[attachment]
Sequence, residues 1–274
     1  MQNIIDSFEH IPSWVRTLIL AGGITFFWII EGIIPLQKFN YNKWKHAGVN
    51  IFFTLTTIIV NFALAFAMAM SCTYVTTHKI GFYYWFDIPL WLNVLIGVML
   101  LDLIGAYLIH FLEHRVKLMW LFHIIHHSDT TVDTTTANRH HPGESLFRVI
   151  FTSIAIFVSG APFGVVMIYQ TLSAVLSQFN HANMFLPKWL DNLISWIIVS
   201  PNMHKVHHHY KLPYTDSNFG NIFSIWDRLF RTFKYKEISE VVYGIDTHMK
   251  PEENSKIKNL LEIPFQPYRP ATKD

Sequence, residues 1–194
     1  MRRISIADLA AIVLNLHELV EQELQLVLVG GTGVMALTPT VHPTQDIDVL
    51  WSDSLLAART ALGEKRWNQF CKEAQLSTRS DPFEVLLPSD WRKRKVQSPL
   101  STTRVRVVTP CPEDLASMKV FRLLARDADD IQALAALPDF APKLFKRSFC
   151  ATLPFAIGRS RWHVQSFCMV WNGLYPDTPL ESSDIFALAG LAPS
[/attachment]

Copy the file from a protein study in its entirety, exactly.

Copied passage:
Sequence, residues 1–274
     1  MQNIIDSFEH IPSWVRTLIL AGGITFFWII EGIIPLQKFN YNKWKHAGVN
    51  IFFTLTTIIV NFALAFAMAM SCTYVTTHKI GFYYWFDIPL WLNVLIGVML
   101  LDLIGAYLIH FLEHRVKLMW LFHIIHHSDT TVDTTTANRH HPGESLFRVI
   151  FTSIAIFVSG APFGVVMIYQ TLSAVLSQFN HANMFLPKWL DNLISWIIVS
   201  PNMHKVHHHY KLPYTDSNFG NIFSIWDRLF RTFKYKEISE VVYGIDTHMK
   251  PEENSKIKNL LEIPFQPYRP ATKD

Sequence, residues 1–194
     1  MRRISIADLA AIVLNLHELV EQELQLVLVG GTGVMALTPT VHPTQDIDVL
    51  WSDSLLAART ALGEKRWNQF CKEAQLSTRS DPFEVLLPSD WRKRKVQSPL
   101  STTRVRVVTP CPEDLASMKV FRLLARDADD IQALAALPDF APKLFKRSFC
   151  ATLPFAIGRS RWHVQSFCMV WNGLYPDTPL ESSDIFALAG LAPS